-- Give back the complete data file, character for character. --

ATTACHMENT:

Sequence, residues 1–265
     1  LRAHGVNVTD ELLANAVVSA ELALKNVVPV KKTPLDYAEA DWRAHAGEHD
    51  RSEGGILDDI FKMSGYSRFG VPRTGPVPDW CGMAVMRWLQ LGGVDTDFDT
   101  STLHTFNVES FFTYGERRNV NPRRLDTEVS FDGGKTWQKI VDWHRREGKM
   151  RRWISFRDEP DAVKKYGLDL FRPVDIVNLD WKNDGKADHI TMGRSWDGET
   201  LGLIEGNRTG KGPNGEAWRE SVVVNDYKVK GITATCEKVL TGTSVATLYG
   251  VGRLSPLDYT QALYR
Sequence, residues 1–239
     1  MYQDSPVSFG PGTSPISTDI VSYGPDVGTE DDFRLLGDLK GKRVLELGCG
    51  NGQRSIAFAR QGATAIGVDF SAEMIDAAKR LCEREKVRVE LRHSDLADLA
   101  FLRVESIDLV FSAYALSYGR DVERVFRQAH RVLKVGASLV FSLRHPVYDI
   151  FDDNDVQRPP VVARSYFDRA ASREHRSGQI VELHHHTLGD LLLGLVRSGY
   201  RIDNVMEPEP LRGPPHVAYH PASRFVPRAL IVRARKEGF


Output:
Sequence, residues 1–265
     1  LRAHGVNVTD ELLANAVVSA ELALKNVVPV KKTPLDYAEA DWRAHAGEHD
    51  RSEGGILDDI FKMSGYSRFG VPRTGPVPDW CGMAVMRWLQ LGGVDTDFDT
   101  STLHTFNVES FFTYGERRNV NPRRLDTEVS FDGGKTWQKI VDWHRREGKM
   151  RRWISFRDEP DAVKKYGLDL FRPVDIVNLD WKNDGKADHI TMGRSWDGET
   201  LGLIEGNRTG KGPNGEAWRE SVVVNDYKVK GITATCEKVL TGTSVATLYG
   251  VGRLSPLDYT QALYR
Sequence, residues 1–239
     1  MYQDSPVSFG PGTSPISTDI VSYGPDVGTE DDFRLLGDLK GKRVLELGCG
    51  NGQRSIAFAR QGATAIGVDF SAEMIDAAKR LCEREKVRVE LRHSDLADLA
   101  FLRVESIDLV FSAYALSYGR DVERVFRQAH RVLKVGASLV FSLRHPVYDI
   151  FDDNDVQRPP VVARSYFDRA ASREHRSGQI VELHHHTLGD LLLGLVRSGY
   201  RIDNVMEPEP LRGPPHVAYH PASRFVPRAL IVRARKEGF